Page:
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Celebrating Navidad: Posadas, Aguinaldos and Novenas

By Juan Miret
A Hispanic Matter

Hispanics observe the nine days between December 16 and 24 with parties, singing, praying, piñatas, carols, scooters, punch, sparklers and many more symbols. That is how they celebrate and remembers the pilgrimage of Mary and Joseph towards Bethlehem, where they sought shelter for the birth of the Messiah.

Mexicans ask for a room for the night through music; they leave their homes and go door to door, singing carols. The interesting part is the role played by those inside the homes, since they have to deny access to the pilgrims. However, the pilgrims insist until the doors are opened, representing the shelter they sought.
This tradition, brimming with symbolism, includes hsitorical analogies in elements as simple as a piñata. The piñata wioth seven cones represents the seven deadly sins. It is full of treats, a symbol on Earth of divine grace. The blindfold represents faith; the stick is God and those cheering through sing are the faithful, who together represent a church.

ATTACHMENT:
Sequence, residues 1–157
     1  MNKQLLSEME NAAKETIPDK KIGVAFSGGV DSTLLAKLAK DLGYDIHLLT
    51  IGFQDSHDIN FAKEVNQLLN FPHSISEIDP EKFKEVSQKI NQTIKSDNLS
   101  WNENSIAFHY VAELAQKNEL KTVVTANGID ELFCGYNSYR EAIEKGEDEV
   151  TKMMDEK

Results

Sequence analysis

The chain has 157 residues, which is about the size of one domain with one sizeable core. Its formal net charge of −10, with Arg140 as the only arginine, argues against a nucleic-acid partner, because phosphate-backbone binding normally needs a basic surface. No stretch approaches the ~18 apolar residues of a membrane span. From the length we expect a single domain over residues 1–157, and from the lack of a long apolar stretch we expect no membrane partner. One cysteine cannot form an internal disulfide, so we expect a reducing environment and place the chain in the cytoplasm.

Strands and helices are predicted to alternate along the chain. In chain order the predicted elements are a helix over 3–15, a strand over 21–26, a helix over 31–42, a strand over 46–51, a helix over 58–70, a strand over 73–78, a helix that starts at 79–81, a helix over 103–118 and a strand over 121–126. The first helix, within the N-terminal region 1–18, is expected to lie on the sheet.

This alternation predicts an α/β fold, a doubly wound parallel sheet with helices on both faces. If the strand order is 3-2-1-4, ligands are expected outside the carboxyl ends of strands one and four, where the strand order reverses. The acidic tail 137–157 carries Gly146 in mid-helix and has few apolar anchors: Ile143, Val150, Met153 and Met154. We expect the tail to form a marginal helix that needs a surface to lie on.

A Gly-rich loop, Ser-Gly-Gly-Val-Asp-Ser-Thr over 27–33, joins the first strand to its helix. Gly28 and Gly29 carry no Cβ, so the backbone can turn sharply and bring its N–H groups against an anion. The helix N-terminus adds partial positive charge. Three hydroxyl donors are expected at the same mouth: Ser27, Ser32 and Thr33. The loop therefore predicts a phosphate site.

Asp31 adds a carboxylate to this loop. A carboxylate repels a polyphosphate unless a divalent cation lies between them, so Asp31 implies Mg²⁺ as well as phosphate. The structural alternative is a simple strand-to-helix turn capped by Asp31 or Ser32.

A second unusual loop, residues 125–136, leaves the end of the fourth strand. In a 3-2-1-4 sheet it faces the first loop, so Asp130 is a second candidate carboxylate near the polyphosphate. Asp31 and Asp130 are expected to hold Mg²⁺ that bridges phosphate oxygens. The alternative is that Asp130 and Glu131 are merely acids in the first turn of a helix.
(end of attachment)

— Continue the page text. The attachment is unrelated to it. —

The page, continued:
Venezuela prepares itself for the arrival of Baby Jesus with nine morning events known as the aguinaldo masses, which are celebrated from 4 to 6 in the morning. After the mass, music – called gaitas – are heard outside the churches, where youngters ride scooters and enjoy sweet pancake-like arepas and hot chocolate.
Usually, the last aguinaldo mass, which us held on Christmas Eve, offers a dramatization of the birth of God´s son.

This Colombian custom dates from 1700. Full of prayers, the novena has became a family celebration. During the novena, the Rosary is said for nine days, divided into four categories: sorry, preparation, requests and indulgence.
The prayers do not have to be said in church; they can be said at home or in public plazas.
Once the series concludes, custard and doughnut-like buñuelos come into play, since for Colombians they are synonymous with Christmas, a gathering and a party.

Posadas, Aguinaldos and Novenas are proof of the cultural mix that envelops Hispanics. From the Rio Grande to Patagonia, cultural syncretism is manifested through family reunions and get-together with friends during the Winter holidays.

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